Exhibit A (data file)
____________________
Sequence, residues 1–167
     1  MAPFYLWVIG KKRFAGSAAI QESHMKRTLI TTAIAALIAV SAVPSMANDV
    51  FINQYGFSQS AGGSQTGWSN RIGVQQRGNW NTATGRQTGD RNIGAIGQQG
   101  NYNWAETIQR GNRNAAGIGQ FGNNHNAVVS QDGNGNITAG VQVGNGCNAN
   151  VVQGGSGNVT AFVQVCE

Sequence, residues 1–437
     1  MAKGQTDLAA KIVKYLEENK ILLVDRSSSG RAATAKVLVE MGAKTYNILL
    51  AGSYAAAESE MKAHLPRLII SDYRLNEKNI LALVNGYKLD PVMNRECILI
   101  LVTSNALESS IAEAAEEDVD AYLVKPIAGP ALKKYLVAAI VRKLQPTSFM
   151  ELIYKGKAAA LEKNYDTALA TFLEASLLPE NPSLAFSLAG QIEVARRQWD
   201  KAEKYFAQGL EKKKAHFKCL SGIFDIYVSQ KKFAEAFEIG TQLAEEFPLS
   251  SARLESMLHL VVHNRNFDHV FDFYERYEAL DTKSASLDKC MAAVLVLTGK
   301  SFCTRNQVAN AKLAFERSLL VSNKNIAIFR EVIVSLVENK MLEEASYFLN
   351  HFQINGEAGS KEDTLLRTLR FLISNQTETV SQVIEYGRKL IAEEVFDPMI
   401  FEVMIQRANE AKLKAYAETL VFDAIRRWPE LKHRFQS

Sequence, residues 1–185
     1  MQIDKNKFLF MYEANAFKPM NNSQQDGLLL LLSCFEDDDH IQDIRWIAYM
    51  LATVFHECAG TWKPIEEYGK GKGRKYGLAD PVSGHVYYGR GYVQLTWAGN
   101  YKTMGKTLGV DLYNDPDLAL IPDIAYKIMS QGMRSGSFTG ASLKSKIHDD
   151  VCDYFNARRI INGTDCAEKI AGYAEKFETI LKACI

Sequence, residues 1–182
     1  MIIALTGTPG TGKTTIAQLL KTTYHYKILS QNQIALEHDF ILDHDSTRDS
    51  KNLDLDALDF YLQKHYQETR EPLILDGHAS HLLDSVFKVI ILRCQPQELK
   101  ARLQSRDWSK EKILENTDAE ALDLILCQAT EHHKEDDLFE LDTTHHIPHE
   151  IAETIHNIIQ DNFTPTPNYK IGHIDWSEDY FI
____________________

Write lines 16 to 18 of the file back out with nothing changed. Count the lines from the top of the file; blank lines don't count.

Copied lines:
Sequence, residues 1–185
     1  MQIDKNKFLF MYEANAFKPM NNSQQDGLLL LLSCFEDDDH IQDIRWIAYM
    51  LATVFHECAG TWKPIEEYGK GKGRKYGLAD PVSGHVYYGR GYVQLTWAGN